Lillard's return sparks balanced Blazers
The Trail Blazers needed their leader, and he needed them.
Damian Lillard's return to the basketball court was the point of convergence, and it couldn't have gone much better.
Lillard collected 22 points, five assists and four rebounds and played a big role in Portland's 125-104 victory over Washington on Wednesday night at Moda Center.
It was the first game since Feb. 12 for the Blazers' All-Star point guard, who missed the first six games after the All-Star break.
Lillard made 6 of 12 shots from the field, 4 of 7 from 3-point range — including a couple from "Logo" territory — and 6 of 6 at the free-throw line in an encouraging 32-minute performance. He said he felt "fresh" from the layoff heading into his first game in three weeks.
"The other day, I played a 32-minute, one-on-one, full-court game with one of our video dudes, so I knew I wouldn't be any more tired than that tonight," he said. "I thought I moved pretty well. I was able to do a lot of things. My balance was good. I picked my moments to explode and take off."
Portland coach Terry Stotts was pleased, too.
"He looked a little rusty at times, but his shot looked good," Stotts said. "It seems like he has totally recovered from the injury. He had a solid game. He didn't try to force too much; the game came pretty easy for him."
Lillard stayed home to rehab during the Blazers' recent three-game trip. It was the first time he'd not made a trip in his eight years with the club.
"It was weird," he said. "I didn't know what to do with myself. I was at home, working out, getting treatment, lifting. I'd come back to shoot at night. ... I was miserable a little bit. It felt like summer time. You have all this free time. I felt like I was doing something wrong."
It was the second straight win for the Blazers (28-35), and it wasn't a one-man show. Four players scored more than 20 points. Carmelo Anthony led the way with 25, scoring 20 in the first half. Hassan Whiteside had another big game with 24 points on 10-for-14 shooting, 16 rebounds and four blocked shots. CJ McCollum — back in his normal shooting guard spot with Lillard at the point — chipped in 22 points, six rebounds and five assists.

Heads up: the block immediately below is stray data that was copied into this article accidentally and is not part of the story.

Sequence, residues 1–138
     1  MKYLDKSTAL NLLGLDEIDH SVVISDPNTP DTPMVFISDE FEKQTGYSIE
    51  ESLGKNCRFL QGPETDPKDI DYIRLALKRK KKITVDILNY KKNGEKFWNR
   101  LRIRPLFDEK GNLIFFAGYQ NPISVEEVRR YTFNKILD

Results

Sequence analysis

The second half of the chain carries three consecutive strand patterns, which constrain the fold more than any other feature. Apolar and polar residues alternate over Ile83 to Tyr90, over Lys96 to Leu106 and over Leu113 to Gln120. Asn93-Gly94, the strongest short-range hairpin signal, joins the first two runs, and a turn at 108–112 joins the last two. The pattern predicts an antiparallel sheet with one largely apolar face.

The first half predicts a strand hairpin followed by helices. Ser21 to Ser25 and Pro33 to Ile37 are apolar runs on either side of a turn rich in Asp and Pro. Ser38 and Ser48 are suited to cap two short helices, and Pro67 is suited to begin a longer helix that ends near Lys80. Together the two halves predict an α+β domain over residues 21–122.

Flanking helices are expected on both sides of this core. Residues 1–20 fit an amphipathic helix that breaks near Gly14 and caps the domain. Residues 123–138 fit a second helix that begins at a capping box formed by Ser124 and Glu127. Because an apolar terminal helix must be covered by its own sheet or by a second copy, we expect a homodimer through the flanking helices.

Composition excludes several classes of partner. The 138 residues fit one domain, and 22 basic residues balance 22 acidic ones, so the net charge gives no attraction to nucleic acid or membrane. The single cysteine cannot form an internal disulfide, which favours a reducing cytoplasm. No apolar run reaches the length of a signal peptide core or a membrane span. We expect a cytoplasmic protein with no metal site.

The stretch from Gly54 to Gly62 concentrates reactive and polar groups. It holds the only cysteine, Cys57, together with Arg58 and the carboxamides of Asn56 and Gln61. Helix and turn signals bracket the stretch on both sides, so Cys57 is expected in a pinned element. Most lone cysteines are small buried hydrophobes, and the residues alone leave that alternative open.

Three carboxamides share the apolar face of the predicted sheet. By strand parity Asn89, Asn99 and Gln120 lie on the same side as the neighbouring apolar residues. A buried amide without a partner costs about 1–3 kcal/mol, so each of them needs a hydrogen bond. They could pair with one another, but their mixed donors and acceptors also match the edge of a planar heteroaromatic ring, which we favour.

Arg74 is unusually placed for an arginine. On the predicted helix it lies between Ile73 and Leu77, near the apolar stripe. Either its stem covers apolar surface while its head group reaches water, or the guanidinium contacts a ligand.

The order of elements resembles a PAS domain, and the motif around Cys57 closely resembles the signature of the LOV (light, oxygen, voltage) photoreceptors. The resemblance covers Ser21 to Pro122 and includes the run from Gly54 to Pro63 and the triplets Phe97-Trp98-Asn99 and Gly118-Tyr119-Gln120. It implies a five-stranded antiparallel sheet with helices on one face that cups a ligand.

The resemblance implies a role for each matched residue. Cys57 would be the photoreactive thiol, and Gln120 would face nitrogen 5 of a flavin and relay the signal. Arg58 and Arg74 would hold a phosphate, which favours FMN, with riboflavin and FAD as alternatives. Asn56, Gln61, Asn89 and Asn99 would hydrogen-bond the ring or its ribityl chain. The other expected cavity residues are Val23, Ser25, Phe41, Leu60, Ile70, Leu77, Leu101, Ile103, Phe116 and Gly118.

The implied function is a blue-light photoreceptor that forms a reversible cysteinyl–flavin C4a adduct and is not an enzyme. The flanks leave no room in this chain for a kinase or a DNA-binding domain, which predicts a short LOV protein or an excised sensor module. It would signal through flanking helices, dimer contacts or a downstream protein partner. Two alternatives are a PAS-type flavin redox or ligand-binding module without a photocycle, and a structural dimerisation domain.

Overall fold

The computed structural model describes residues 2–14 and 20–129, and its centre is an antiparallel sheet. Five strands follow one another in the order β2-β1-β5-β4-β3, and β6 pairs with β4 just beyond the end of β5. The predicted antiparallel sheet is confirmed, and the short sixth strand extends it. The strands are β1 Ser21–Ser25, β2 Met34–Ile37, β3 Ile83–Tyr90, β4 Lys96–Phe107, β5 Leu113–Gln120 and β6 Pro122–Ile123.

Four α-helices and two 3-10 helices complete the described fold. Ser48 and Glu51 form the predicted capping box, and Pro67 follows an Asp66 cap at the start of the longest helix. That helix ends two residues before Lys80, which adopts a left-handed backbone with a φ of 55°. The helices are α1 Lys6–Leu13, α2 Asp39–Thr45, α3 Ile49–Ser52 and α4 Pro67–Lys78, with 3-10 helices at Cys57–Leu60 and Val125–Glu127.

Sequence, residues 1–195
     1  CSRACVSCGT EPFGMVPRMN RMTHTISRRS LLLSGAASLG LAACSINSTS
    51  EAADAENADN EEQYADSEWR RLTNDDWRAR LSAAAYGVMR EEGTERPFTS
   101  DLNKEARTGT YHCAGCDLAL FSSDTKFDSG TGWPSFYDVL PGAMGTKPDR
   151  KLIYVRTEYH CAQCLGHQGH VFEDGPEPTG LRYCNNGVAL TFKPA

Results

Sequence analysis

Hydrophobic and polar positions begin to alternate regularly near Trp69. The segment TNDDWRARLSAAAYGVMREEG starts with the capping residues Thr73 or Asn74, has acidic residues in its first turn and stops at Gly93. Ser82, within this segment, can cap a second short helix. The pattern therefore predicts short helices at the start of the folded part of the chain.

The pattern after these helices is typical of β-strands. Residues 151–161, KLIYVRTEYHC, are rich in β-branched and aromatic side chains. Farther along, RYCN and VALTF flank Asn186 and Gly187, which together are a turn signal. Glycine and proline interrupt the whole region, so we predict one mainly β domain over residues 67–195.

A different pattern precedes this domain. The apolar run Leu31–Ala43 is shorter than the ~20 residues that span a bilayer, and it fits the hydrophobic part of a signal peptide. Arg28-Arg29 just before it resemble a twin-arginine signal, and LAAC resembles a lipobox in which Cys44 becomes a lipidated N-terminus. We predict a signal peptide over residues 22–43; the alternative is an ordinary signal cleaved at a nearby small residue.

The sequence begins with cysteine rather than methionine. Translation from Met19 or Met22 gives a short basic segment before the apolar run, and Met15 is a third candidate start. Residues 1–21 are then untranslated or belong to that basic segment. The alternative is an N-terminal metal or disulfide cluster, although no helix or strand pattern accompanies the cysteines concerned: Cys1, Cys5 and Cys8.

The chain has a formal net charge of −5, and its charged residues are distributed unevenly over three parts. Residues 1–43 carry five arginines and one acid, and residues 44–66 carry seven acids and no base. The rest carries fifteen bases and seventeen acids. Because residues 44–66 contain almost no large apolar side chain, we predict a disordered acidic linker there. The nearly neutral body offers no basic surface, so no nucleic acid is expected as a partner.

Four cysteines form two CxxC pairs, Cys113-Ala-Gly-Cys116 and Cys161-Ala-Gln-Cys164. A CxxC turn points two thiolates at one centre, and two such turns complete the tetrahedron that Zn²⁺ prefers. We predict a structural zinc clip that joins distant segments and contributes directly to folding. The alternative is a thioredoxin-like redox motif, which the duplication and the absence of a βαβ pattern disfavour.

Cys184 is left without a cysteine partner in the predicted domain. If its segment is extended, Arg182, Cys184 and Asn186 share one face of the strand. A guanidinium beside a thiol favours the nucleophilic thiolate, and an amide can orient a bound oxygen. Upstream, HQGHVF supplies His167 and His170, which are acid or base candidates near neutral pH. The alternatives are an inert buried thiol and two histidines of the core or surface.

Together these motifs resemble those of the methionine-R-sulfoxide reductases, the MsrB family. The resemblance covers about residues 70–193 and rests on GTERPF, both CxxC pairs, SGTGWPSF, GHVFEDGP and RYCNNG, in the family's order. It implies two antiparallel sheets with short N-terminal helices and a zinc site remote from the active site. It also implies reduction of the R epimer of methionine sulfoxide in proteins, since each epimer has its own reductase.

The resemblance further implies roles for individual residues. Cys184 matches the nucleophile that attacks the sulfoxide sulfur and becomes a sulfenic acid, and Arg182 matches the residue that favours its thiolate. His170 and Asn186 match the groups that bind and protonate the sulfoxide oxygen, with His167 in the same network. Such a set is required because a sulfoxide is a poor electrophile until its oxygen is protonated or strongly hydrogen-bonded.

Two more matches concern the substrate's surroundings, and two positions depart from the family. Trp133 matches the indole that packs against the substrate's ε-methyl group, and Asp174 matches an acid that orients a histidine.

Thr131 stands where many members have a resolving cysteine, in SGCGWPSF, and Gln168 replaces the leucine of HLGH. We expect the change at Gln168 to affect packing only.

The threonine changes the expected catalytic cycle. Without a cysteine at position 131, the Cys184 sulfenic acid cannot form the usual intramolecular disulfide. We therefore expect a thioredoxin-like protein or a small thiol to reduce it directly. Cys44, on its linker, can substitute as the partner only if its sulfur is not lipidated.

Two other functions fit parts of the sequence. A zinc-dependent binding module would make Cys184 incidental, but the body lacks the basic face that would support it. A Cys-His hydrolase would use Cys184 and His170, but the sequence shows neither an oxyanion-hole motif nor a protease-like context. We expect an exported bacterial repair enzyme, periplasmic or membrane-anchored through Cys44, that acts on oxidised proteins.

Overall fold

"When we're balanced like that, it just makes us a harder team to guard," Lillard said. "You got guys screening for each other, the ball is moving, we're executing and playing with pace, being unselfish. When you do that, guys get high-quality looks and we have a chance to have a night like we had tonight."
Anthony played the entire first quarter, scoring 14 points on 6-for-8 shooting, 2 for 3 from 3-point range.
"I don't usually play him the whole first quarter, but he really had his rhythm going," Stotts said. "He had bounce, which was good to see."
"'Dame' coming back helps spread the court, and gives us another option," Anthony said. "We took advantage of that tonight.
"We were just ready to win this game, that's all. We didn't want to come out flat and play around with a team like that. (The Wizards) are a dangerous team. They don't quit. They play to the end. We see what they can do when (opponents) let their foot off the gas."
In reality, the Wizards (22-39) couldn't offer enough resistance to take the game 48 minutes. They were playing the final game of a four-game trip and the second of back-to-back games, and they're last in the NBA in defensive rating. The Blazers took advantage by shooting .519 from the field, including 12 for 31 from 3-point range.
Bradley Beal, Washington's All-Star guard, came into the game second in the league with a 30.5-point scoring average. He scored 21 points on 7-for-11 shooting in the first half, then was 3 for 18 in the second half to finish with 29 points.
Wizards coach Scott Brooks said Beal "got fouled all night, and he only got six free throws." The Blazers were more of the mind that Trevor Ariza's strong defense was the biggest factor.
"Trevor did a good job all night," Stotts said. "(Beal) scored in the first half, but I liked Trevor's persistence with him. He stayed with him and made it difficult for him."
Portland remained in ninth place in the NBA Western Conference, 3 1/2 games back of No. 8 Memphis (31-31), which destroyed Brooklyn 118-79 Wednesday night. The Blazers caught a break when New Orleans lost 127-123 in overtime at Dallas, but Sacramento — which comes for a visit to Moda Center on Saturday — is 27-34 and one percentage point behind the Blazers. And only 19 games remain on Portland's schedule.
"We have to go on a run, there's no two ways about it," Stotts said. "I'm not going to put a number (on how many wins they need), but we have to put some wins together."
If the Grizzlies play .500 ball the rest of the way, they'll finish 41-41. That would mean the Blazers would have to go 14-5 over their final 19 games to finish ahead of them. Then there are Sacramento, New Orleans and San Antonio, all nipping at their heels.
The Blazers play at Phoenix at 6 p.m. Friday, then begin a six-game homestand at 7 p.m. Saturday against the Kings. Itt includes a game against the Grizzlies.
"It's an opportunity, but we've been in this position before," Lillard said. "It's gut-check time. Every little thing matters. Everybody on the roster matters. How we prepare, what our mentality is, how we come into each game individually — it all matters.
"We want to put (a streak) together, but it has to be one game at a time. After that huge win in Orlando (on Monday), we came into this game with a business mentality. It was like, 'We got one; let's turn that into two.' Now going to the next game, it's, 'Let's turn it to three.' If we build like that, we'll find ourselves in a good position when these 19 games are up."
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